Uncovering details of primate early embryonic development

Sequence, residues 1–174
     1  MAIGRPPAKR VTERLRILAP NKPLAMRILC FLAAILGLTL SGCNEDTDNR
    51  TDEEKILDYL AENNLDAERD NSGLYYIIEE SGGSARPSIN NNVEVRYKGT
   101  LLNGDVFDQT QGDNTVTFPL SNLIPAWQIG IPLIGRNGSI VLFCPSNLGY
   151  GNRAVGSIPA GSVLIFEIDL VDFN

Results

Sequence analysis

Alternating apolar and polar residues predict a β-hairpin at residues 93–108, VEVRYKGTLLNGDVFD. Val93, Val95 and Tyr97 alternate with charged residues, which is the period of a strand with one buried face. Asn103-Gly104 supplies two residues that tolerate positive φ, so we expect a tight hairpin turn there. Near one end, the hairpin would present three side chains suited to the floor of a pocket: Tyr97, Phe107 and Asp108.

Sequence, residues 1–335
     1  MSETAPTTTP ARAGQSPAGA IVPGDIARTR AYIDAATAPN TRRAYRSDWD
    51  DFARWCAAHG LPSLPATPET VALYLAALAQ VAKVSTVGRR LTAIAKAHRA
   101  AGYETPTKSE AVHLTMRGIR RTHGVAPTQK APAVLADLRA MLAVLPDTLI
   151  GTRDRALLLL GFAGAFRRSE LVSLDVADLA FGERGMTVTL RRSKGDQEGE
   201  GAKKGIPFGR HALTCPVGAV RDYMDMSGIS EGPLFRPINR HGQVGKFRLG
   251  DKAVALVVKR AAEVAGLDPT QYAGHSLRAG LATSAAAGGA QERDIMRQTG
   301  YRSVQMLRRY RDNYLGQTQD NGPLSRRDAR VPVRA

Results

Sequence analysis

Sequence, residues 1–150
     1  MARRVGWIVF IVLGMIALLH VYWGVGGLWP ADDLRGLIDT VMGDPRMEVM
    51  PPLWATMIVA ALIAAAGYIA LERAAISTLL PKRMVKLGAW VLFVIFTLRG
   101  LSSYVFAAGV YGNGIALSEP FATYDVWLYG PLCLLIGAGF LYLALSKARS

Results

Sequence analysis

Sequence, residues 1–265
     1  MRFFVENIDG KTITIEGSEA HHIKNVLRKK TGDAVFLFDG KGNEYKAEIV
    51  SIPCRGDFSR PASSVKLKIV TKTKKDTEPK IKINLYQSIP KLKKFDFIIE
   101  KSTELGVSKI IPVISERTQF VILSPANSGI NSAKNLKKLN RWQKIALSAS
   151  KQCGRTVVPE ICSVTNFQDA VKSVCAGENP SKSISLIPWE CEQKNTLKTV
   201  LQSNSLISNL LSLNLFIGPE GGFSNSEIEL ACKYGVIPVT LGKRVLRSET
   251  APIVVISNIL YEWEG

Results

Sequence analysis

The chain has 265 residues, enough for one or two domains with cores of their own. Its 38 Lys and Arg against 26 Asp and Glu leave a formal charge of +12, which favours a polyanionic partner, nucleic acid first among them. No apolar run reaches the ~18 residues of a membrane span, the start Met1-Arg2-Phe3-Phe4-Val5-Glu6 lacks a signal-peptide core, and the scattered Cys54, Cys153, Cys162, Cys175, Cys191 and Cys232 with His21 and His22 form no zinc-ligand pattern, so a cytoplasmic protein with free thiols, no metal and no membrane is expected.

Over the past century, developmental biologists have learned a huge amount about the journey from a single cell to a fully-formed animal by studying model organisms such as frogs, fruit flies, worms and mice. Much less is known about the secrets of early development in our own species, or even in our closest primate relatives. Until recently it was only possible to study the first two weeks of human or primate development in the lab, as embryos can't survive any longer without being implanted into the womb. This means that scientists have missed out on studying the more complex processes of early development that happen after this point. Now a team of researchers have managed to extend this deadline even further, growing macaque embryos for up to twenty days in the lab (shown here with differentiating cells stained different colours), opening the ‘black box’ of early development and revealing intricate processes of life for the very first time.
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